I asked a specific question which might be difficult to answer (link). A few people tried giving me pointers and I improved the whole circuit, which makes the question not relevant anymore.

How should I proceed?

  • Delete the original question
  • Post an answer with "I improved the circuit as mentioned in the comments"
  • Leave it as it is with no answers

I already have a new question based on my current circuit which is in the same category.


3 Answers 3


Good question - thanks for asking it. The object of the site is to collect answers to (on-topic) questions for future use.

I would recommend a variation of one of your options, namely:

  • Post an answer with "I improved the circuit as mentioned in the comments as follows" and include a summary of your improvements in the answer. You can then accept your own answer, to effectively show that the topic is closed.

There is no point in an answer which effectively just says "fixed it" (in different words). But an answer which includes how you fixed it, and especially if you can specify why a particular change fixed it, would have value for the future.

One concern: You say that you have a new question. Before writing an answer saying that changes XYZ solved your problem, we need to make sure that your new problem isn't a different symptom of the same problem, meaning that changes XYZ didn't solve the problem. So is it premature to write an answer to your old question, or are you sure that your improved circuit has really solved that original problem?

Summary: If there is a way to capture knowledge in an answer, which can be used for the future, we should try to do that.

  • 2
    \$\begingroup\$ Thought so. This would also give closure to the people who contributed, they may need to help me in the follow up question. My new question is indirectly related to the old (obsolete) one. My next steps: 1. Formulate my new question 2. Wait for responses\ answers 3. Answer my old question with sourcing the comments and link to the new one \$\endgroup\$
    – v3xX
    Apr 28, 2021 at 12:30
  • \$\begingroup\$ @v3xX - That sounds like a good plan & reasoning to me :-) We can see if anyone else suggests a better one. \$\endgroup\$
    – SamGibson Mod
    Apr 28, 2021 at 16:37
  • \$\begingroup\$ Well, my recent ban made me improve my questioning and also asking in 'meta' before asking vague questions. \$\endgroup\$
    – v3xX
    Apr 28, 2021 at 16:52

This is one of the problems that happens when people start answering the question in the comment section.

There is apparently a user who, instead of telling you all you need to know about debugging your circuit in the answer, wrote three long comments explaining:

  • How to debug problems like this
  • Pros and cons with the different methods
  • Suggests some other workarounds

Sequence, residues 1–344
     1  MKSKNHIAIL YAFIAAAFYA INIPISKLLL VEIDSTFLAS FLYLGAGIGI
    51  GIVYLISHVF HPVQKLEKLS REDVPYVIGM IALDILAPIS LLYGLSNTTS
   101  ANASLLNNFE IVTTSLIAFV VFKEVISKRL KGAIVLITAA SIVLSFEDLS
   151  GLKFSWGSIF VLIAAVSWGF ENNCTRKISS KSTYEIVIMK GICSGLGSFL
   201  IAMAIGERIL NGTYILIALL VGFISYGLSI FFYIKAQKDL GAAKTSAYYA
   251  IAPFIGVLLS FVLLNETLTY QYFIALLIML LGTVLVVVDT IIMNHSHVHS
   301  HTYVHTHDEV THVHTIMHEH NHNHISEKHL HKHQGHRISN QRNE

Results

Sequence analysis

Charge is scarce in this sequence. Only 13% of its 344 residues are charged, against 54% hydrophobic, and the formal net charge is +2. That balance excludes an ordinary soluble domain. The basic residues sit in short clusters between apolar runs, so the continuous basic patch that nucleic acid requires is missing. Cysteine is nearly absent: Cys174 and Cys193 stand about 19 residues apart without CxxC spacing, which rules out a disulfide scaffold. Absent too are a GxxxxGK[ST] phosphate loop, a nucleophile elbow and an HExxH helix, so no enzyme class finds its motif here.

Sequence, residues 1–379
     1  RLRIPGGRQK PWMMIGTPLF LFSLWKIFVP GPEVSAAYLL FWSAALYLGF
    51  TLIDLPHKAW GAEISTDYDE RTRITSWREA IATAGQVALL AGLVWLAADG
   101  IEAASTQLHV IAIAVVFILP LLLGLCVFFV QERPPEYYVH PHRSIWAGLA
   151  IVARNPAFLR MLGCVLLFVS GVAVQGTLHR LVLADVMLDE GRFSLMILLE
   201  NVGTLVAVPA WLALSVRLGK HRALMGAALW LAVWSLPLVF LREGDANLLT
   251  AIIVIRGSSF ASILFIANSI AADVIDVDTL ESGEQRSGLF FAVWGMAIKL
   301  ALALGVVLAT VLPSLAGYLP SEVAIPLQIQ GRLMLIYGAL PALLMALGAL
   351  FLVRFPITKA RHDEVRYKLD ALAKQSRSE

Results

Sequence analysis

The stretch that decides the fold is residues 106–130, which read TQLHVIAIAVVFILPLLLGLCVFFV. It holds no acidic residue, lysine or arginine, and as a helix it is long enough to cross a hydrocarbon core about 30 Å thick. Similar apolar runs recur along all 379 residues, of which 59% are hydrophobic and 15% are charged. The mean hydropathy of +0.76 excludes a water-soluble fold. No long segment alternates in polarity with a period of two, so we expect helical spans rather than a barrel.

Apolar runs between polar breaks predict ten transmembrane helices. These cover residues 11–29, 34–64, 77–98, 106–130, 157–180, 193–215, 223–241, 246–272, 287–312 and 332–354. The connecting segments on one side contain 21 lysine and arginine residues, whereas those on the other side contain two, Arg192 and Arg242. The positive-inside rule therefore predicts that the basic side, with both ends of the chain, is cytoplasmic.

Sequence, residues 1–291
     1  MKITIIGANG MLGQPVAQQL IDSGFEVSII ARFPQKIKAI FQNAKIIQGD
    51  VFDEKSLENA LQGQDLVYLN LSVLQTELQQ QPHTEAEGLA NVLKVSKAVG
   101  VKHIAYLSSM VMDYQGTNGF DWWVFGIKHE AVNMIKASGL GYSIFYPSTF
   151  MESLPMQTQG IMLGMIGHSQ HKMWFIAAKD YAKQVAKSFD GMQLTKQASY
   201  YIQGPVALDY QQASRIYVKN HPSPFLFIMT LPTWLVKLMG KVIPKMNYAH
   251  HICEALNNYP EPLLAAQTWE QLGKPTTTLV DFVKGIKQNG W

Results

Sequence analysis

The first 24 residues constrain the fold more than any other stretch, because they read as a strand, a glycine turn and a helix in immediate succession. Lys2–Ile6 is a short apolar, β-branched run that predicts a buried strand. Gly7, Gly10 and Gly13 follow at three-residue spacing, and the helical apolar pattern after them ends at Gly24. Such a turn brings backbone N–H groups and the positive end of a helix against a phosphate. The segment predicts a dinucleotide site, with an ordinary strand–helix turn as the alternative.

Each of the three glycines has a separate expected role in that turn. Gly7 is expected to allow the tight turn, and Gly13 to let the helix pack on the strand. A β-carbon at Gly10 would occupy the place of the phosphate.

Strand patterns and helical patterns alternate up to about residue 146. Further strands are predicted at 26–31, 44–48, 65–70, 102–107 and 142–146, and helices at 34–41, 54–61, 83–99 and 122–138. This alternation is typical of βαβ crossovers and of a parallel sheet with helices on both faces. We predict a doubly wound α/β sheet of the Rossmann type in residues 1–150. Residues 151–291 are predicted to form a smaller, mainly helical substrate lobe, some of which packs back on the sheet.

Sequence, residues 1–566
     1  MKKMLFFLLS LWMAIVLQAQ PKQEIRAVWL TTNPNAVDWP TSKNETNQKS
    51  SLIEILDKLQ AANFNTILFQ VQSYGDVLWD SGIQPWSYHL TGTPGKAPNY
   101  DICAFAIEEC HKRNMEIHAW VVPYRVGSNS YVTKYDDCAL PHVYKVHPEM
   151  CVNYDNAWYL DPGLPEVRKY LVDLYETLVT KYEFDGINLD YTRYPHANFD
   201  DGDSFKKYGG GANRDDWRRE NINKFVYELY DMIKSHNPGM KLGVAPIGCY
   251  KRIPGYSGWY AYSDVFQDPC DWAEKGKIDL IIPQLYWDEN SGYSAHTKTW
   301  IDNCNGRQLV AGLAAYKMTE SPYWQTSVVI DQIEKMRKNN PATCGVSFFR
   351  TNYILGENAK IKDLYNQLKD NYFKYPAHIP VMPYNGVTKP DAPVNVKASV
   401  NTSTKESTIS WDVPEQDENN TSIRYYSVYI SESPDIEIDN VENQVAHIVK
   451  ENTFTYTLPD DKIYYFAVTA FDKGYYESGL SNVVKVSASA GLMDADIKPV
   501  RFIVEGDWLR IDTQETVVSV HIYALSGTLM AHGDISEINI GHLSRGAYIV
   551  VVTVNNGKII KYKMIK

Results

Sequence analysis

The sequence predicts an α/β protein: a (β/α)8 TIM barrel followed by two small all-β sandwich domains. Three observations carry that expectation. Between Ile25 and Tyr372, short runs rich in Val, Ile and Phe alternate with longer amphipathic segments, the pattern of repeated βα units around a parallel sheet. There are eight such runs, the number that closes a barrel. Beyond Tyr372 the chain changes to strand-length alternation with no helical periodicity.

All of this in comments!? This made you investigate, change+solve your question and now there is no need for an answer even though it would have been a great answer.

However, I'm fed up with the lack of response I get when trying to explain why people need to stop writing "helpful" answers in the comment section, so this will just be a rant. I don't know how to solve it other than reporting repeat offenders.

  • \$\begingroup\$ I think some answers are too 'weak' for a full answer. An answer here seems very grand and permanent. Especially in circuit design or code review most problems need a discussion. One big plus on the other hand is the compact format of 1 question has 1 answer. \$\endgroup\$
    – v3xX
    Apr 28, 2021 at 20:24
  • 5
    \$\begingroup\$ @v3xX If an answer is "too weak" you definitely don't want to post it as a comment where it can not be refuted, discussed, downvoted, or edited. That's the worst place to put a half-baked answer. And stack exchange was designed to take discussions out of the loop - traditional forums is the place for that, and there are many such forums for people who still enjoy discussing such things. \$\endgroup\$
    – pipe
    Apr 29, 2021 at 11:32

I think complicated "please help me debug this" questions lead to this sort of issue. The person posting the comment had no real way of knowing whether this would answer your issue or not. It really was to the effect of "don't even try to debug this until you bring your power to spec". It doesn't answer many aspects of your question, such as "how can I initialize each channel?"

A comment to this effect was fine. A "this helped me out -- can you please post it as an answer" comment would get you the outcome you want, or posting it as an answer yourself would work too, as already pointed out.

In essence, because the question doesn't really match the right answer, this question doesn't match the level of ideal for the archive, as sort of an "XY" question.

I don't really see this as a problem, so much as the nature of the SE beast.


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